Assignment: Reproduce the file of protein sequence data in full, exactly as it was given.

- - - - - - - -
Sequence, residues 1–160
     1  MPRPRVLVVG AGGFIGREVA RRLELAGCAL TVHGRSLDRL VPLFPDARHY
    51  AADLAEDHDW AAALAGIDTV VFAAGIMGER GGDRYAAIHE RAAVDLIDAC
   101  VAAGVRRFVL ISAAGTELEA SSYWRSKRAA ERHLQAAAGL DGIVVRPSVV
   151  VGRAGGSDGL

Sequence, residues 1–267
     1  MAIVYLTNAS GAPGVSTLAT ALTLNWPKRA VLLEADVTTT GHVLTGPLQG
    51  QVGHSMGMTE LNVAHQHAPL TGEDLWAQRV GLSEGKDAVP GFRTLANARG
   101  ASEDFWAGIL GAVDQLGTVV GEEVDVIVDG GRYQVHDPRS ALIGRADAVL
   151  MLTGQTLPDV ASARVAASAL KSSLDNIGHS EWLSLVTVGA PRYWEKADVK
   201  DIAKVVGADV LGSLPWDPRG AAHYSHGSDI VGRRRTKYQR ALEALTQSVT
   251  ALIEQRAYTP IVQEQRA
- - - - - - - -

Sequence, residues 1–160
     1  MPRPRVLVVG AGGFIGREVA RRLELAGCAL TVHGRSLDRL VPLFPDARHY
    51  AADLAEDHDW AAALAGIDTV VFAAGIMGER GGDRYAAIHE RAAVDLIDAC
   101  VAAGVRRFVL ISAAGTELEA SSYWRSKRAA ERHLQAAAGL DGIVVRPSVV
   151  VGRAGGSDGL

Sequence, residues 1–267
     1  MAIVYLTNAS GAPGVSTLAT ALTLNWPKRA VLLEADVTTT GHVLTGPLQG
    51  QVGHSMGMTE LNVAHQHAPL TGEDLWAQRV GLSEGKDAVP GFRTLANARG
   101  ASEDFWAGIL GAVDQLGTVV GEEVDVIVDG GRYQVHDPRS ALIGRADAVL
   151  MLTGQTLPDV ASARVAASAL KSSLDNIGHS EWLSLVTVGA PRYWEKADVK
   201  DIAKVVGADV LGSLPWDPRG AAHYSHGSDI VGRRRTKYQR ALEALTQSVT
   251  ALIEQRAYTP IVQEQRA